Example of Poor Leadership Skills

|
Some people are just great at giving inspirational and motivational speeches but lack the leadership to put their words into action. My last manager, he was a very good speaker. When he talked, we all felt empowered and uplifted. For example, if our department made too many processing errors, he'd tell us he didn't expect us to be perfect because he is not perfect and nobody is perfect. He'd tell us that if the error rate continued to climb, he saw it as a process problem, that he needed to get the right people to train us and that he'd look into if the procedures needed to be changed. People loved to hear him talk. As good of a talker he was, he didn't earn the respect of the majority of his staff. Why? Because he didn't keep his promises and he didn't take actions on his promises. When he promised better training for people who were underpeforming on their tasks, that never came into play. Rejuvenating our spirits about making mistakes by promising he would look into the possible factor of why the mistakes were made in the first place? All we got was more meetings on how bad our department dashboard compared to other departments. People started to get verbal and written warnings.

Some people are just gifted and a natural at giving speeches. All that is worthless if you can't deliver what you say you'd do. People will become disenchanted. In some cultures, a verbal promise is as binding as a written agreement. Being able to deliver what you say builds trust. If people have no trust or confidence in you, they won't respect you. If there is no respect, people won't care a thing about you or what you have to say. So it's important to be trustworthy and that has be earned.

4 comments:

Journey said...

Hi Rose! Thanks for droppin by my blog. Where did you find me? Anyway, I'm so glad to have shared something for you. I have just read this post of yours and this is really true. Even I am very particular with people's words especially if it's a promise. If people broke their promises, it's so difficult to earn the trust back.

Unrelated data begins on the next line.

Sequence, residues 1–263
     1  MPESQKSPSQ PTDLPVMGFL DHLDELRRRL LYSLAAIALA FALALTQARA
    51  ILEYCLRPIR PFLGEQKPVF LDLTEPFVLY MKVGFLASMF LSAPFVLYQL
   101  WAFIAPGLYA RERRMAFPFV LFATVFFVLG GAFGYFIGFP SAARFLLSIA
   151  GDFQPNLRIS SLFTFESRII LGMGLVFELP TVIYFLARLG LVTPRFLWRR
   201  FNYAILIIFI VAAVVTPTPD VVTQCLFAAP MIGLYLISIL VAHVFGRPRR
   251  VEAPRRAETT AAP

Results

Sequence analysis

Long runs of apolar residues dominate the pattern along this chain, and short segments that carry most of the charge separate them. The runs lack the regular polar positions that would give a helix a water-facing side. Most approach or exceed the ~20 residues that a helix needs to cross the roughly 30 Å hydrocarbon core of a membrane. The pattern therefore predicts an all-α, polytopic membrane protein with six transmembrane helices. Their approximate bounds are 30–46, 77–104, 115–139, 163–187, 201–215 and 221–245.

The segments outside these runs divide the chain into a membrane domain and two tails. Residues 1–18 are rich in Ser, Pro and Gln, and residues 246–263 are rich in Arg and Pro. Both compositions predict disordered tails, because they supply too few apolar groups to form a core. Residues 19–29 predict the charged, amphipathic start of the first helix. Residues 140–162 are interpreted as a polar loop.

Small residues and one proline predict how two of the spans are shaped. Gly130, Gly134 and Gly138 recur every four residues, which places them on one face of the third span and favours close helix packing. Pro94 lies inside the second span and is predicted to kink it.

I read your tylenol recall story. How is your child now? Is she/he still suffers from allergies? If you have read my previous post, you would know that we are vegetarians and we believe in food supplements especially aloe vera. I may have not experienced it in my family (re allergies) but I have friends who have kids healed because of aloe vera drinks. It might help your kid too, if she/he still has allergies. Let me know.

Are you American? How old are your kids? :) Keep in touch and again, thanks for your time. Be blessed!

Marnellie
www.homelife.blogsome.com
www.iamforeternity.blogspot.com

A Vecchioni said...

It used to be that the mere implication of willingness to marry could obligate someone to formally enter into marriage (See: The Wooer and the Maiden; Erasmus; Ten Colloquies; circa 1500). The point is that a person had to choose words carefully because they were more than empty rhetoric.

Excellent article. --The distinction you raise is significant. Polished oratory too often wins the day, namely because of its emotional appeal. It's good to read examples of that deception at work.

Rose Belle said...

Journey and A Vecchioni - Thank you both for taking the time out to leave your comments.

Rose Belle said...

Hi A Vecchioni - It was so common in my workplace hearing managers making empty promises that the morale of the department dwindled down to nothing. Needless to say, the managers annual ratings given by their subordinates were in the 30-40 percentiles. Often times, people in the position of power resort to "polished oratory" to appeal to their audience. Just listen to the politicians...